Obviously, the point of these questions is not really the answer that is given but the aplomb with which it is given and the insights it gives into the interviewee. If you do decide to ask these questions, don't interrupt. Just give the person free rein for two to five minutes. It's amazing what you will learn about them.
For more on hiring the best talent, you may want to read our article, Finding Diamonds in the Rough or download our featured white paper, Hiring the Best.
November’s mid-term election decided contests throughout the nation. A first glance shows results favored the Republicans who threaten to wield their mandate with a big stick. For small business interests, this means yet another “wait and see.” Small business hates uncertainty, but more may follow despite promises to reform. Here’s one take on the small business uncertainty following this year's mid terms.
- More of the same. The new Republican majority does not take office until 2015. At that time, members of both parties will jockey for position and committee assignments. Until there is something on paper in front of that majority, you can expect more of the same Washington paralysis. Even then, the 2016 Presidential election will determine the legislative and executive priorities. This allows time for you to plan your 2015 with some confidence that Congress will not affect your business behavior.
- Immigration reform. President Obama’s Executive Order on the status of illegal immigrants puts a big ball in the court of the new Congressional majority. Dealing with the Executive Order or coming up with an alternative approach will consume early Congressional energy. Because it represents a priority with 2016 implications, it will dominate the media. But, if your business complies with current employment law, yours is not threatened by any change in immigration practices.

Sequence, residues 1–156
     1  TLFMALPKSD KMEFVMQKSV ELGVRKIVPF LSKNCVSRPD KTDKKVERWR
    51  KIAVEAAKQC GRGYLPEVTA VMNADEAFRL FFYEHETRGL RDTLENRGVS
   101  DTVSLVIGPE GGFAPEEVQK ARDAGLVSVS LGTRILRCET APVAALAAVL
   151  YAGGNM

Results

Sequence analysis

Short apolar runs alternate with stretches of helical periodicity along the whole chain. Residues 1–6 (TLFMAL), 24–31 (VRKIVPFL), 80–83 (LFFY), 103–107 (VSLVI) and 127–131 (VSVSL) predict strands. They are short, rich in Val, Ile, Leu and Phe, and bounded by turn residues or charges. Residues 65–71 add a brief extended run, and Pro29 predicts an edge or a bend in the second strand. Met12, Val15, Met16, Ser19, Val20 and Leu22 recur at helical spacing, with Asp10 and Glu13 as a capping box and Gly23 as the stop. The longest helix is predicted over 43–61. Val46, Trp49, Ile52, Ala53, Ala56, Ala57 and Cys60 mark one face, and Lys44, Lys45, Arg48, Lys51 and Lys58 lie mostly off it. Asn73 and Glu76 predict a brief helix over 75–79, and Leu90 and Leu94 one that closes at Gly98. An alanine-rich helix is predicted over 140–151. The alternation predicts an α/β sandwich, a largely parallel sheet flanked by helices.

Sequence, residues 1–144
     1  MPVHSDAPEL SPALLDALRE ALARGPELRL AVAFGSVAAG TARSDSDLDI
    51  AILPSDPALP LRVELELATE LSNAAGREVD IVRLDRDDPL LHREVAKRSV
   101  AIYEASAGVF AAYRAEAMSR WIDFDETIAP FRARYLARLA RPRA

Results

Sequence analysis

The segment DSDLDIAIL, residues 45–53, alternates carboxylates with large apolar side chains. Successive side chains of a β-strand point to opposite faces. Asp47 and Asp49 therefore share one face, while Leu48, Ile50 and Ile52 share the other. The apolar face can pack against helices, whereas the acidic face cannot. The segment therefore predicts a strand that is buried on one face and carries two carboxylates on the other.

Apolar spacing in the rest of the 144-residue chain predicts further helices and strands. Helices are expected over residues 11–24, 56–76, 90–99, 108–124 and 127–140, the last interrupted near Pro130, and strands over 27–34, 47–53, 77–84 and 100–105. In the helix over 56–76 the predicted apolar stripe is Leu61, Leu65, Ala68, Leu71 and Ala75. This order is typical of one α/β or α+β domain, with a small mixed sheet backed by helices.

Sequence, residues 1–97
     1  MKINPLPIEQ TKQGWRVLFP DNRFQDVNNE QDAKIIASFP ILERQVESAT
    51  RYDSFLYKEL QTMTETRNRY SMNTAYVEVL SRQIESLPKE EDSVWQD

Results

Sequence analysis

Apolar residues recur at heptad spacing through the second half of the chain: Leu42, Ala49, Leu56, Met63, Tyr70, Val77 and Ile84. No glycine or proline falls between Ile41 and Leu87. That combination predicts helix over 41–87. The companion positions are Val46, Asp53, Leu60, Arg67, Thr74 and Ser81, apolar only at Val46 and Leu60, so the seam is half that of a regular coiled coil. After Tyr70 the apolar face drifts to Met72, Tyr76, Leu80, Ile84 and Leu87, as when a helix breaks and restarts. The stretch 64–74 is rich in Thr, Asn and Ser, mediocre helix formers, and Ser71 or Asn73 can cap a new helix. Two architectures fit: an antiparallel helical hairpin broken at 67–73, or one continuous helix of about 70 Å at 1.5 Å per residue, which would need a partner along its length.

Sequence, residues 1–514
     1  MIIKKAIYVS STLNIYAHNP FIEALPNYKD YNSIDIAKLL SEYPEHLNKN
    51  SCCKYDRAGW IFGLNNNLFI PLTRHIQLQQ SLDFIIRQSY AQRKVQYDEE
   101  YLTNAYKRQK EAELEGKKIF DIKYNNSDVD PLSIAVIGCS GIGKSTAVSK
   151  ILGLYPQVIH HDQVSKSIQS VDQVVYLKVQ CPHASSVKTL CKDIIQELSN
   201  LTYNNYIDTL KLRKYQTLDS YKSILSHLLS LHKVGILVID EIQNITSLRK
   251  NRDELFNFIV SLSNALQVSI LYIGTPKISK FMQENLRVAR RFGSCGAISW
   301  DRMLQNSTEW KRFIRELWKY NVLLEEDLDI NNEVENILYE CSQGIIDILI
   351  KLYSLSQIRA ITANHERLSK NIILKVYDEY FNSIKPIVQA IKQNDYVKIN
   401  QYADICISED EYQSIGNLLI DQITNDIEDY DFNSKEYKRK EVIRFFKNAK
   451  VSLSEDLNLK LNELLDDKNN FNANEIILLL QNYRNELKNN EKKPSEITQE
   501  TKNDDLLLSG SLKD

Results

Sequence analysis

- Business taxation. Unbiased analysis shows that jobs have grown in number and unemployment has declined during the Obama administration. However, there is no cause and effect here; the progress may correlate with much larger economic forces. Both Republicans and Democrats can claim support for the little legislation that favored small business, but Republicans do promote an agenda that includes changes on treatment of first year expensing depreciation, S Corporation tax deductions, and the definition of “employment status” under the Affordable Care Act. Congressional paths are in place to proceed with this agenda, but none of these changes, if enacted, will have profound impact on doing business, and most are unlikely to be effective before 2016.
- Healthcare Repeal. While you may be smothered in rhetoric regarding repeal of the ACA, small business is not likely to see any significant impact in the near future. For one thing, the insurance industry has stepped up and designed flexible responses to employee needs. High deductible low premium plans, for example, serve those in generally good health who have been subsidizing coverage for others in the past. The newly insured but previously uninsured will not give up their insurance easily. People apparently really like the pre-exiting conditions and plan mobility features. And, the resistant States will have to deal with inevitable court challenges. So, you see, much of the Act has already become an “entitlement.”